What is phishing and spear phishing?

One of the most basic practices every cybersecurity guide will recommend is not to click on links and attachments contained in emails coming from unknown sources, and to think twice even if they come from seemingly trustworthy sources.

You think it’s unnecessary caution? Ask John Podesta, chairman of Hillary Clinton’s presidential elections campaign. This is exactly how he (or the operator of his email account) gave away his accounts credentials to hackers. The breach led to a series of damaging and embarrassing leaks which might have cost his boss her chance of becoming president. Continue reading

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How to boost the range and security of your home WiFi network

By Muhammad Asfand Yar, List Enthusiast

Everybody seems to love WiFi. So do I. After all, who doesn’t want to have seamless internet access, across different devices, while roaming around their house. But this apparent ease of installation and usefulness can make your WiFi network slow sometimes and vulnerable to attacks. To help you out, here is an infographic by List Enthusiast which discusses how we can improve the overall state of our home WiFi networks.

Here are some of the main takeaways from that infographic about how to boost signal range and WiFi security. Continue reading

What is encryption?

The main takeaway from the buildup of developments in the cybersecurity landscape is that privacy is becoming a commodity. The CIA is spying on your phone. Hackers are breaking into your home. Your documents, emails, messages, can be intercepted. And Congress is empowering ISPs to pry into your communications.

Long story short, nothing remains secret.

Under such circumstances, encryption becomes your best friend, your last line of defense in protecting your information. Continue reading

Evolving your security operations strategy to fit the cloud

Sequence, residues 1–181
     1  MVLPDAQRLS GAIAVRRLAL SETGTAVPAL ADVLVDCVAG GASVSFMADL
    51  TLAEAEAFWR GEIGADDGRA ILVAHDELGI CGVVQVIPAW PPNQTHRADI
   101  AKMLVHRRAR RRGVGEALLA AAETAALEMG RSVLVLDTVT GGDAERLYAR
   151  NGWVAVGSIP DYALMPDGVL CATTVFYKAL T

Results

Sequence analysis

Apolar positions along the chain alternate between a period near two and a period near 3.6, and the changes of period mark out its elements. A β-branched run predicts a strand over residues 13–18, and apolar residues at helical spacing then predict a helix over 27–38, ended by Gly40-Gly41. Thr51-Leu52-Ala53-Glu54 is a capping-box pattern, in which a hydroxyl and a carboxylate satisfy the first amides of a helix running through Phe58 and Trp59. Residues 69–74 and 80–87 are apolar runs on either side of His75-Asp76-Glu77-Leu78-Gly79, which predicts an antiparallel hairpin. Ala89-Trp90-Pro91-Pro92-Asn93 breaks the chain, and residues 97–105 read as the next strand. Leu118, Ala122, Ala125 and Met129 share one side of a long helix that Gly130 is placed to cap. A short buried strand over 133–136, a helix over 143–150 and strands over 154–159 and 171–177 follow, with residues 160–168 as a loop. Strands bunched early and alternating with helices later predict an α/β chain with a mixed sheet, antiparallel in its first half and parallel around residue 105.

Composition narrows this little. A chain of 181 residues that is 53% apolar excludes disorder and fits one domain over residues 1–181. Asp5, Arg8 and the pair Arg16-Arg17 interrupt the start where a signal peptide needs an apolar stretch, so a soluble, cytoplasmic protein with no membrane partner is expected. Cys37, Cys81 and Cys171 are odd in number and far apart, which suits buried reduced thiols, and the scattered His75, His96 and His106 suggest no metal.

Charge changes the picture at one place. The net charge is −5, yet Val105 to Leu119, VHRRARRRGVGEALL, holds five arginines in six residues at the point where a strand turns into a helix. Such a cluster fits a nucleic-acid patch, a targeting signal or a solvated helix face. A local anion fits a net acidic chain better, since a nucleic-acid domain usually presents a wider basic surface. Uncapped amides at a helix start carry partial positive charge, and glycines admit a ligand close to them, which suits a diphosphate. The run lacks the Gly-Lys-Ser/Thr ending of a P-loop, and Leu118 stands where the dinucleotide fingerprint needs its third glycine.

By Oliver Pinson-Roxburgh, Alert Logic

The decision to move to the cloud may seem an obvious one. It’s faster, more scalable, and more agile. However, security remains a concern, and rightly so. The foundational infrastructure delivered by cloud providers is secure, but guaranteeing the protection of the applications, workloads, and data you run on top of it is your responsibility—and it isn’t one to be taken lightly.

A traditional on-premises security operations strategy simply won’t cut it anymore. In its place, you need a cloud-specific security strategy to protect your critical data from an ever-growing variety of advanced threats. Outlined in this article are four elements for any security official to consider when making the jump to a cloud system. Continue reading

After the CIA leaks, cybersecurity should be everyone’s business

Last week, WikiLeaks dropped a bombshell on intelligence agencies by publishing a trove of classified documents dubbed “Vault 7.” The revelations gave a damning account of government surveillance powers and hacking capabilities.

It was also a testament to how vulnerable the increasing number of Internet-connected devices we own can make us. And if you think you shouldn’t worry about what hacking capabilities the feds have, think again. Three-letter-agencies aren’t the only ones who are looking for security holes in hardware and software.

As with every hack that makes noise, the Vault 7 leak is associated with new facts, old misunderstandings and some very important lessons. Here’s what you need to know about the latest batch of information that WikiLeaks has spilled into cyberspace. Continue reading

Why are public WiFi networks insecure?

Public WiFi network

If you follow tech and cybersecurity news, this is something that you see a lot: Public WiFi networks, the free wireless networks found at hotels, airports and cafes, are unsafe and can cut you some major cyberslack.

As is the case with most threats, when something is publicized a lot, people tend to become less sensible and ignore it. It becomes common belief that the danger will mostly apply to other people and not me. (This is one of the weirdest aspects of human nature, finding one’s security in the insecurity of others.) Continue reading

Dealing with social engineering at times of uncertainty

Protest

Human failure is the single biggest contributing factor to security incidents, hacks and data breaches. Social engineers, cybercriminals that invest in human errors rather than technical vulnerabilities, are always on the lookout for exclusive opportunities to incite strong feelings in their targets and prod them to make a fatal mistake.

The anxiety and uncertainty surrounding the immigration ban in the U.S. provides the perfect climate for social engineering attacks, a fact that is largely ignored while the political aspects of the ban are being highlighted and fanned with ample frequency by the media. Continue reading